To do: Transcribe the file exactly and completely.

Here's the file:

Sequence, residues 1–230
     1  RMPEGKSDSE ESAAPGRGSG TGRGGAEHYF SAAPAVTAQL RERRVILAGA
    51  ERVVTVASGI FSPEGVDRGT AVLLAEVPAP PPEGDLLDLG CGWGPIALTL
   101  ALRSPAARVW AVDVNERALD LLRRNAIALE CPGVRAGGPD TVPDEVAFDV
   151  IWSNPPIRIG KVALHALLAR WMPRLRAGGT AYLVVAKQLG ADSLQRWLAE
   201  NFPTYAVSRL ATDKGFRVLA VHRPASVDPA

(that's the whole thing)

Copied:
Sequence, residues 1–230
     1  RMPEGKSDSE ESAAPGRGSG TGRGGAEHYF SAAPAVTAQL RERRVILAGA
    51  ERVVTVASGI FSPEGVDRGT AVLLAEVPAP PPEGDLLDLG CGWGPIALTL
   101  ALRSPAARVW AVDVNERALD LLRRNAIALE CPGVRAGGPD TVPDEVAFDV
   151  IWSNPPIRIG KVALHALLAR WMPRLRAGGT AYLVVAKQLG ADSLQRWLAE
   201  NFPTYAVSRL ATDKGFRVLA VHRPASVDPA